Outbound Collective logo

James HueserExplorer

Some call me the Jerry Macguire of the outdoors. The places special to me should be special to everyone. It is not my intention to hoard the best views around me. It's my responsibility to invite everyone to join, and give them every opportunity to do so.

Great hike, and a great write up. I just did this last week and arrived in Thorsmork on May 1 - the first day the campground in Basar was open, and there are some very key details to note. I'm sure you stressed this, this hike is no joke to do in one day. Serious hikers will be able to do it in around 8 hours, but I've seen people take 13 hours. Very important for everyone to know that, especially people who might not be aware of the physical commitment. I just did this hike from Skogar to Thorsmork on May 1 - the first day that camping the area opens. Everything above 600 masl was still covered in ice and snow - adding even more of a physical challenge to the already strenuous hike. Even though it can be done in Spring and Fall, it should be seriously considered before undertaking this trek. Especially if you're doing it in the shoulder seasons, a GPS track is imperative. Absolutely imperative. We had a blizzard for most of the hike up until the first hut, and then it was solid fog - we couldn't see more than 10 feet in front of us. The trail is marked with yellow posts in the snow field, but once we found one, we couldn't even see the next one. This lasted a couple of hours on the hike. At one point I had checked the GPS and we were a little east of the trail. I knew that west was to our left, so we headed directly west. When I checked the GPS next, we were even more east of the trail. The fog was so thick that it blocked out any sign of the sun, and the wind was so strong that it kept blowing us off of our heading. I'm not sure if you've done the whole trail, but the 2010 eruption didn't have much of an effect on the trail. There's obviously more rock on the trail, and I assume it got covered in the lava, but you're still just following your GPS and the yellow posts up there anyway, so having a covered trail - by lava or snow - is pretty much guaranteed. One more thing - since we had such terrible weather and were exhausted after getting to Básar, and the weather was supposed to be garbage the next day, we did our best to not have to hike the pass again. If you get to a facility (and it's open) by 9 PM, you can have them call a tour bus to pick you up the next afternoon for 4500 ISK. Since we parked at Skogar, we had to get off at Seljalandsfoss and hitchhike back. Certainly more money than hiking back, but it did so much more for our morale and the rest of our trip. Even though this review is very doom and gloom, descending into Thorsmork after the day was had was like heaven. I've never seen a landscape like it, and can't even describe it. A definite must for, as our Russian friend the next night called us, "Strong men! [and women!]"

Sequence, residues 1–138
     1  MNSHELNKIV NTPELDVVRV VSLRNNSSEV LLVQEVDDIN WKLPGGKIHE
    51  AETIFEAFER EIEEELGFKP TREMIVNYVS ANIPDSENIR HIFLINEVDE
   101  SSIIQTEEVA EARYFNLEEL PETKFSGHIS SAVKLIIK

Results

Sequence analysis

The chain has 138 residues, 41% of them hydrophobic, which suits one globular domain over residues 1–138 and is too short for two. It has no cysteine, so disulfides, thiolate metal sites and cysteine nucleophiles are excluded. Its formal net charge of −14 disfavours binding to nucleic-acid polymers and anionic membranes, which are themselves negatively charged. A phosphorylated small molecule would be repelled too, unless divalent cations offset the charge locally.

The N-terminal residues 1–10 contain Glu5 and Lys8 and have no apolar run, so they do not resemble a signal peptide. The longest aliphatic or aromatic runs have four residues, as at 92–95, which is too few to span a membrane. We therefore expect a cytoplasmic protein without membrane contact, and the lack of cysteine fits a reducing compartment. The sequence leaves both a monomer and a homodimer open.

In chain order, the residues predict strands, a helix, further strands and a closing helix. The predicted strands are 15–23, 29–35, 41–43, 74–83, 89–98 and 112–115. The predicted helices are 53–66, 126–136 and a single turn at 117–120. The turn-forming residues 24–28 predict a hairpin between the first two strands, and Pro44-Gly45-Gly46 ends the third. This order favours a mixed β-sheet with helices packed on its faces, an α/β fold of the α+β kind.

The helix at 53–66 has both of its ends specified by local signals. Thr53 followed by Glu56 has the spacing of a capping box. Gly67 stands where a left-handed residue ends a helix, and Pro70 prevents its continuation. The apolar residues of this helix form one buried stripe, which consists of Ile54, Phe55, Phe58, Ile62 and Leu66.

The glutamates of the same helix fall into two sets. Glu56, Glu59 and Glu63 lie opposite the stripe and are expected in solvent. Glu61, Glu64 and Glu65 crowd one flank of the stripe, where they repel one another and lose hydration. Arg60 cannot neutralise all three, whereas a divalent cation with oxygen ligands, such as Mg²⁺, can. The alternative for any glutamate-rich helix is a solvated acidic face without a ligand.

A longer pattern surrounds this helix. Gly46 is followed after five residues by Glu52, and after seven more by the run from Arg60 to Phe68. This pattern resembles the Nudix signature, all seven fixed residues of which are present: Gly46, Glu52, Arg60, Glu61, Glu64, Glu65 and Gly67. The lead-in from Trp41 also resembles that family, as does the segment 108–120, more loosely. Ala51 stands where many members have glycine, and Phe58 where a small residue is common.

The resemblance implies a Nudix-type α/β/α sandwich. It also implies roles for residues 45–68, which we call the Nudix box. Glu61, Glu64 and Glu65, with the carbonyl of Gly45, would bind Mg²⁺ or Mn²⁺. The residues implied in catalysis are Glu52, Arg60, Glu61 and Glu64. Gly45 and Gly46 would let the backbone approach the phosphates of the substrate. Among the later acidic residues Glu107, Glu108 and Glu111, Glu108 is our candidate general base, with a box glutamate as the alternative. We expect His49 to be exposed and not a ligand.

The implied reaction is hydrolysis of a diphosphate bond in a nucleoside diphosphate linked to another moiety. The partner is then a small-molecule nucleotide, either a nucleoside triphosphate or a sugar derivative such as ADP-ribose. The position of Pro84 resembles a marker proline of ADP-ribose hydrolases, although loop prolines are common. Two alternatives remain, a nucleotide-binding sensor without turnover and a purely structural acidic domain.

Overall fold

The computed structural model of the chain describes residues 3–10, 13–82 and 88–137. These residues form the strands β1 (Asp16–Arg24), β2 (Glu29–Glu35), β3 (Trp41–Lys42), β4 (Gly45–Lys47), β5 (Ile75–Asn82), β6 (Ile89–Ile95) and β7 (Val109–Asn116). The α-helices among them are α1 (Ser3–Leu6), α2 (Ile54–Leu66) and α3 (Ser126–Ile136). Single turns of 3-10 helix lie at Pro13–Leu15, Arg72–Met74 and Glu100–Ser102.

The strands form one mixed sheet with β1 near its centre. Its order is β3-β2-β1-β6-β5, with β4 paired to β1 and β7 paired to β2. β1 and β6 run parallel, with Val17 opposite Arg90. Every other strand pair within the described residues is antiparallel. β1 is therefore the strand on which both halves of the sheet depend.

Moraine Lake is as beautiful as it is photographed! My choice of activity here is to find a spot to sit down and just take it all in. A lot of people try to get the best shot, but it serves as an excellent backdrop for a conversation with a good friend.

It's a great intro to hiking and hopefully serves as inspiration to the views the Rockies provide. Leaves a bit to be desired for intermediates and up.

As time's passed, I've had a chance to reflect on this adventure and figured it'd be worth sharing. The view of Birdwood from Smutwood is surreal. As with other phenomenal places in the area, Smutwood draws a bit more traffic - obviously for good reason. For some of us, it's important to leave the crowd's behind and be immersed in nature, and the added traffic to Smutwood could viewed as a pain and not worth the hassle. As much as I can become frustrated with large crowds and easy objectives, this hike is far from easy. I hope everyone realizes a) how awesome it is that everybody is able to enjoy this objective, and b) people getting outside and doing a 19 km hike is worth encouraging. Now get out there and do it!

The best ridge walk you can do in K-Country - highly recommended to take your time and split it over three days. Way too much scenery to miss otherwise!

This mild winter's got me itching to get back to Buddha to boulder. Always a great day sending in the sun.

I'm all about those high peaks, but those colours look phenomenal, Pete! Thanks for posting, I've been eyeing up Siyeh for a couple summers now and think I'll have to take the plunge this summer.

I attempted to get to the Fortress by using this route - definitely couldn't even find the way to Headwall Lakes. I'll be keeping these instructions (especially that cairn) handy in the summer!